A multimeter is an electronic instrument that can perform several measurement functions. Typical measurement features include measuring voltage, current and resistance. Older type multimeters were analogue with a moving needle but the latest models are digital with a digital readout. Some multimeters can test transistors and semiconductors and can even measure temperature.
A multimeter has two leads, one red and one black. The black lead is the common (COM) lead and the red lead is the positive lead used to measure Volt and Current. Measuring current is done in series and one must use the separate input socket for current on the multimeter. The multimeter is polarity sensitive so when measuring Current and Voltage make sure the red lead goes to the positive measuring point and the common lead to the negative measuring point.
AC and DC voltage can be measured with a multimeter, to measure DC voltage select the DC voltage range on the meter. Voltage is measured between two points and in parallel with the circuit or resistor as in the diagram on the right. The + side of the voltmeter represents the red multimeter lead and the – side of the voltmeter the black common multimeter lead.
Remember voltage is measured with the circuit switched on. If the polarity of the leads is reversed the multimeter will give a negative reading to indicate that. If the multimeter doesn’t have auto ranging you will need to select the correct voltage range to ensure that the meter doesn’t overflow.
AC Voltage can also be measured by selecting the AC voltage range but care must be taken when measuring high voltages such as grid supply voltages to avoid electric shock.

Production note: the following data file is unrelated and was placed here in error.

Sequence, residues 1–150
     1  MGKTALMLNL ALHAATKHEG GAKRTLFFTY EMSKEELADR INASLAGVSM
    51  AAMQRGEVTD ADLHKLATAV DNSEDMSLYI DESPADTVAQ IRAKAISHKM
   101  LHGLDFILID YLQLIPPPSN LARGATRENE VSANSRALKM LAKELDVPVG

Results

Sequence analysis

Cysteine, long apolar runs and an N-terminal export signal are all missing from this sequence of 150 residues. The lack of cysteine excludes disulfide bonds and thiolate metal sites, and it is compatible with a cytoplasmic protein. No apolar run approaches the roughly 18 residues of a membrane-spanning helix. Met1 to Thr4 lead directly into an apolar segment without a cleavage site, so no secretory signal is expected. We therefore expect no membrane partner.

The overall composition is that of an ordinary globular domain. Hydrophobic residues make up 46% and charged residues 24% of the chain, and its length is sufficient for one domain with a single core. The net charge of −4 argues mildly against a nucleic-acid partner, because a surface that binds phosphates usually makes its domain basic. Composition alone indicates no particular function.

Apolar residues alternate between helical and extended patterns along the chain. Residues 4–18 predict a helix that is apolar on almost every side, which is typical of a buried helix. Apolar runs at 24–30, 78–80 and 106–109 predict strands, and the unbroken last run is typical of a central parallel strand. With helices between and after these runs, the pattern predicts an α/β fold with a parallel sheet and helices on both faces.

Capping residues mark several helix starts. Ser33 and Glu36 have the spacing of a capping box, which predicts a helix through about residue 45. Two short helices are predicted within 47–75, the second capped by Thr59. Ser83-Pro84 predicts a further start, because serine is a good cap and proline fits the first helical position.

Current is measured in series (in line) with a circuit and the positive lead of the multimeter must be plunged into the current socket of the multimeter to measure current. Failing to do so could damage the multimeter. To measure the current through the resistor R in the diagram to the right, the amp meter can be connected in series as indicated where the + represents the positive red lead of the multimeter and the – the common black lead of the multimeter. If the multimeter doesn’t have auto ranging you will need to select the correct current range to ensure that the meter doesn’t overflow.
Measuring resistance is done out of circuit to ensure that only the resistance of the component is measured. If the component is measured in circuit the total resistance between the two points will be measured, giving a false reading of the component. The polarity of the meter doesn’t play a role in the measurement of resistance. If the multimeter doesn’t have auto ranging you will need to select the correct resistance range to ensure that the meter doesn’t overflow.